Professor John Hannigan has recently published a new book investigating the ways in which we think about and govern the seas.
The publisher has this to say about Professor Hannigan’s book:
Long regarded as an empty and inhospitable environment, the deep ocean is rapidly emerging as an ecological hot spot with a remarkable diversity of biological life. Yet, the world’s oceans are on a dangerous trajectory of decline, threatened by acidification, oil and gas drilling, overfishing and, in the long term, deep-sea mining. Bio-prospecting and geo-engineering.
In The Geopolitics of Deep Oceans, noted environmental sociologist John Hannigan examines the past, present and future of our planet’s ‘final frontier’. The author argues that our understanding of the deep – its definition, boundaries, value, ownership, health and future state – depends on whether we see it first and foremost as a resource cornucopia, a political chessboard, a shared commons or a unique and threatened ecology. He concludes by locating a new narrative that imagines the oceans as a canary-in-the-mineshaft for gauging the impact of global climate change.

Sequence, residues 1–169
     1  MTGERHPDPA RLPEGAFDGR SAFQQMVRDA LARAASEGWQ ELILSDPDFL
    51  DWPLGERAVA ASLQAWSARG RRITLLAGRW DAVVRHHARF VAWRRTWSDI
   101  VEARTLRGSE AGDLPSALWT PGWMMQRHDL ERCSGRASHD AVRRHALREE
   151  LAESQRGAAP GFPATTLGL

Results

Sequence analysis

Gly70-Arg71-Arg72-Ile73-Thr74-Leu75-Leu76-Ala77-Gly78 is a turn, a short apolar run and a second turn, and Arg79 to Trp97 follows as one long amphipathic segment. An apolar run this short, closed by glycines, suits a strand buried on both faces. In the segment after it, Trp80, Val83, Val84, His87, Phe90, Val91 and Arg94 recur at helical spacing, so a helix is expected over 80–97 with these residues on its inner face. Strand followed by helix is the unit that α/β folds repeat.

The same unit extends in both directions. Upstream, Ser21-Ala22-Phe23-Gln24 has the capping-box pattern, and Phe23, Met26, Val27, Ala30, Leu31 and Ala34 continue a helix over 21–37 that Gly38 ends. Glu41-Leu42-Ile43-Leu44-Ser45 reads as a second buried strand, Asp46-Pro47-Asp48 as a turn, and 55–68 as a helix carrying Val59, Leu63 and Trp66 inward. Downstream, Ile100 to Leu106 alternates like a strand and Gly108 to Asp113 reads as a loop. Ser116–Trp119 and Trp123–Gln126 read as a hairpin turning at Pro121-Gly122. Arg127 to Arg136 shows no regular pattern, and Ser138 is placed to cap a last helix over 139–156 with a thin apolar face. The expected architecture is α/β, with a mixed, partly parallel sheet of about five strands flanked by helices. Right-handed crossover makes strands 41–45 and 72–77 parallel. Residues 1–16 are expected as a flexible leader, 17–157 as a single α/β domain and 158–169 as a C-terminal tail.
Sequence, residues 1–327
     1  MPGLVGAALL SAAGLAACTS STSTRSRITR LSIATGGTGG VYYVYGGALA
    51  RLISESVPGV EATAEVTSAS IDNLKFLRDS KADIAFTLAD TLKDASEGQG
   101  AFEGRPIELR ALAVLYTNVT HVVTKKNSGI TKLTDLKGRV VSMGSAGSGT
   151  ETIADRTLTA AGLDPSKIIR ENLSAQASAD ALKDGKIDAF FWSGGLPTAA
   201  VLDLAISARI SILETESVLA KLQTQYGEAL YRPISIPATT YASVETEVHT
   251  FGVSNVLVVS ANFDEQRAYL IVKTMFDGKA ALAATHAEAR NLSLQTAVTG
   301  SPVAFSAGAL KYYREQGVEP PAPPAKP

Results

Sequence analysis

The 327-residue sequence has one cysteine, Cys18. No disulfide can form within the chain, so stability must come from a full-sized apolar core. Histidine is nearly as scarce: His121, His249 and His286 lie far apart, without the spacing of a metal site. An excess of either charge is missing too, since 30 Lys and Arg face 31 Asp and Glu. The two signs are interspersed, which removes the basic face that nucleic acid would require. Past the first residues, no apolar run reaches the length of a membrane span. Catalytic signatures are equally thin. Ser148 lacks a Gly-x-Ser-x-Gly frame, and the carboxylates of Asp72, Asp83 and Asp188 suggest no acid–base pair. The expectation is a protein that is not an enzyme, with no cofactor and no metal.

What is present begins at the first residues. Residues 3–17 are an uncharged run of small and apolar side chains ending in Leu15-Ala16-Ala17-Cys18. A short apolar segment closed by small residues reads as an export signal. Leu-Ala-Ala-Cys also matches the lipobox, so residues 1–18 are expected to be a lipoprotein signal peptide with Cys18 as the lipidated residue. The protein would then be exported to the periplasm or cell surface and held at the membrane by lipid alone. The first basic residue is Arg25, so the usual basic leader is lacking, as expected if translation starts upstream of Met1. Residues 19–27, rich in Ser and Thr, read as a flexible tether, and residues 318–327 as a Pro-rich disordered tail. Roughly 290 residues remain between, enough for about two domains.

The Geopolitics of Deep Oceans is a unique introduction to the geography, law, politics and sociology of the sub-surface ocean. It will appeal to anyone seriously concerned about the present state and future fate of the largest single habitat for life on our planet.